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The Telegraph FEBRUARY 20, 2009 - by Andrew Perry
U2: NO LINE ON THE HORIZON
No Line On The Horizon is a bold, beautiful and highly speculative re-imagining of U2's music.
Coldplay may have conquered the Grammys a few weeks ago, but the ceremony opened with a warning shot from the world's premier rock band, a dazzling performance by U2 of their comeback single Get On Your Boots which shouted out their return.
Their twelfth studio album is, like its immediate predecessors, less a record than an event, breathtaking in its ambition and its shimmering, mesmerising and sometimes outright volcanic sound.
Within the band's army of production staff, Brian Eno and Daniel Lanois were, this time, the key figures, integral to the writing and playing of the music, while Steve Lillywhite streamlined the sound for mass consumption.
Auspiciously, this is the same backroom line-up that made The Unforgettable Fire (1984) and Achtung Baby (1991). Like those, No Line On The Horizon is a bold, beautiful and highly speculative re-imagining of U2's music.
Such a spirit is palpable, as the title track rumbles off, like a space rocket making its awe-inspiring ascent from a launch pad. Against a backdrop of swirling Eno synth, skittering rhythm, and, in the chorus, Pixies-style guitar twanging, Bono sings at an exhilarating stretch, sometimes falsetto, about a mysterious, free-spirited girl.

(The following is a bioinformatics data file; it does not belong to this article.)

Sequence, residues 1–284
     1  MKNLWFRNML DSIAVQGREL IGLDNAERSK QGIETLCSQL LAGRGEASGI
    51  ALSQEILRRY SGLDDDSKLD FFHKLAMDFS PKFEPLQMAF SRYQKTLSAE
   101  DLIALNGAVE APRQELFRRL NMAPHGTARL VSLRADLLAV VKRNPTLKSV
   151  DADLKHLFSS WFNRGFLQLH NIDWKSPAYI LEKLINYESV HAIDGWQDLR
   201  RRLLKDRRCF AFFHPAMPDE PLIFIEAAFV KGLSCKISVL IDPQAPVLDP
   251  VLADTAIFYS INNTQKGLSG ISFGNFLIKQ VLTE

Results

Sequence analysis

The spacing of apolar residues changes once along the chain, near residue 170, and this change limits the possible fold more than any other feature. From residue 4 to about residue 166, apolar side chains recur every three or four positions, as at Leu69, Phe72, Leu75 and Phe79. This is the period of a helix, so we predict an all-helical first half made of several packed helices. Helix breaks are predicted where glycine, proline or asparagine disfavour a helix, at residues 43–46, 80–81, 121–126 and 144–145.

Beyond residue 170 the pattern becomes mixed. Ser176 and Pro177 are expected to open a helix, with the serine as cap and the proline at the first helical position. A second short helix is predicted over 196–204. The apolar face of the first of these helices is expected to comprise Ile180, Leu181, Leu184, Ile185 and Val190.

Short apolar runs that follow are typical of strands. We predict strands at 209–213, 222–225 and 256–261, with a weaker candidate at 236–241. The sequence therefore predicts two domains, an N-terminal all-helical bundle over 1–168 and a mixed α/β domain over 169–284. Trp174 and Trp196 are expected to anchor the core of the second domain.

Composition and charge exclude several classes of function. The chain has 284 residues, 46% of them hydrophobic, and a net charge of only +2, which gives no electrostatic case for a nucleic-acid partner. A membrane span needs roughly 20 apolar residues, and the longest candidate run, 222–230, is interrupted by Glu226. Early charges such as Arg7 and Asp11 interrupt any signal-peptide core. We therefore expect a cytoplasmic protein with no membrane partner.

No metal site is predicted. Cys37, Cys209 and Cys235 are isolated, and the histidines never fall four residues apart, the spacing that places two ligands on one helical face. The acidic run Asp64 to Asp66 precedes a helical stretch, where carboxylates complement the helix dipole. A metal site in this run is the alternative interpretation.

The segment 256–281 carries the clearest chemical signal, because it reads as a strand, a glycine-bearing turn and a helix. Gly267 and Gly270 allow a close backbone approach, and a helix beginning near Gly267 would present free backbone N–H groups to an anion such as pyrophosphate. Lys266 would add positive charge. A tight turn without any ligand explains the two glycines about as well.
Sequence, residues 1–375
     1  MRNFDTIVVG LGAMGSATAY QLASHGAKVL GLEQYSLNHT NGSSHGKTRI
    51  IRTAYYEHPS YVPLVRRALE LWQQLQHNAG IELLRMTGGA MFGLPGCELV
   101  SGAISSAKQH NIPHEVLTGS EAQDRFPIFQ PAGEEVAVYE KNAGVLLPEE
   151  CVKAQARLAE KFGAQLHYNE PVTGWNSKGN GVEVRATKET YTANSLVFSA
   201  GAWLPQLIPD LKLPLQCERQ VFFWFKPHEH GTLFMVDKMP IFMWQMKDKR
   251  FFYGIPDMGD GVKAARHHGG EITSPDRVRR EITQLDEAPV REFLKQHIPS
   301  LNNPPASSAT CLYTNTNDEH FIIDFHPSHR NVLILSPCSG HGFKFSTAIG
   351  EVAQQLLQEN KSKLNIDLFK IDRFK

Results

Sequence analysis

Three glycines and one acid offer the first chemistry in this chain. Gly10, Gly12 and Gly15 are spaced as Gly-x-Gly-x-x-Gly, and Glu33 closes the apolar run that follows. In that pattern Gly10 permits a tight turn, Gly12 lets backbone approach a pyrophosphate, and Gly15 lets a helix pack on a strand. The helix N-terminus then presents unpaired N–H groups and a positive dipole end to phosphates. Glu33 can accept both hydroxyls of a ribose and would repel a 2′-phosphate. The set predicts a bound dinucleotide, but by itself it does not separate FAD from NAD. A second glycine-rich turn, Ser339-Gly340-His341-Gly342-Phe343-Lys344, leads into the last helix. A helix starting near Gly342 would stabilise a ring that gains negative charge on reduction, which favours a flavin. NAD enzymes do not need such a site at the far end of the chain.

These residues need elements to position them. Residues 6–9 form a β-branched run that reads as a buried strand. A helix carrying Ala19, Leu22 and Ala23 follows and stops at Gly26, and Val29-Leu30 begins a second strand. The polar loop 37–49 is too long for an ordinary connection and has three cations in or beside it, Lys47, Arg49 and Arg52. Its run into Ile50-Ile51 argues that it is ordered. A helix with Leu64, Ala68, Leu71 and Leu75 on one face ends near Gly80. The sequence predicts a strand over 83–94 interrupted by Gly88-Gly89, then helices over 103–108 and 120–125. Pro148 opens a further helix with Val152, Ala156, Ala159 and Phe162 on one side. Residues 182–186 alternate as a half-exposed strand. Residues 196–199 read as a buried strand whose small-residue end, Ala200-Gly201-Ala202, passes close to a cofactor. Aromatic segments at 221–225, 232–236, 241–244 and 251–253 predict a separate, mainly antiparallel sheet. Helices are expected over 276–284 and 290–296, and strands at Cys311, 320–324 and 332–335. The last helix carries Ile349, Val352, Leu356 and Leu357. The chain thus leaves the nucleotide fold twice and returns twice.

"She said, 'Time is irrelevant, it's not linear'," he yowls, introducing a recurrent theme of women holding the answers in man's crumbling world.
This track, among others on the album, was written during a group retreat to Fez in Morocco. Bono talks of the city as the crossroads between Western modernism and Eastern tradition - a typically globe-trotting cipher for U2 themselves.
Where Get On Your Boots is all high-tech, "edgy" electronic scuzz, the next track, Stand Up Comedy, kerrangs along on a belting riff, as arcane as Led Zeppelin. On Moment Of Surrender, ancient and modern collide in exquisite, futuristic (and secular) gospel.
Bono, ever maligned for his gestural politics, often writes as a kind of world traveller diarist, whether chronicling a mood-elevating return to Africa (Fez - Being Born) or his jet-lagged laptop activity (Unknown Caller). There's a scrupulous distinction between Bono the poverty-buster, and Bono the rocker - no big messages here, just a mirror on global confusion.
"I don't wanna talk about wars between nations," he sings at one point, adding, with a knowing wink, "Not right now - Hey, Sexy Boots!"
On this form, we should be pleased he's so easily distracted.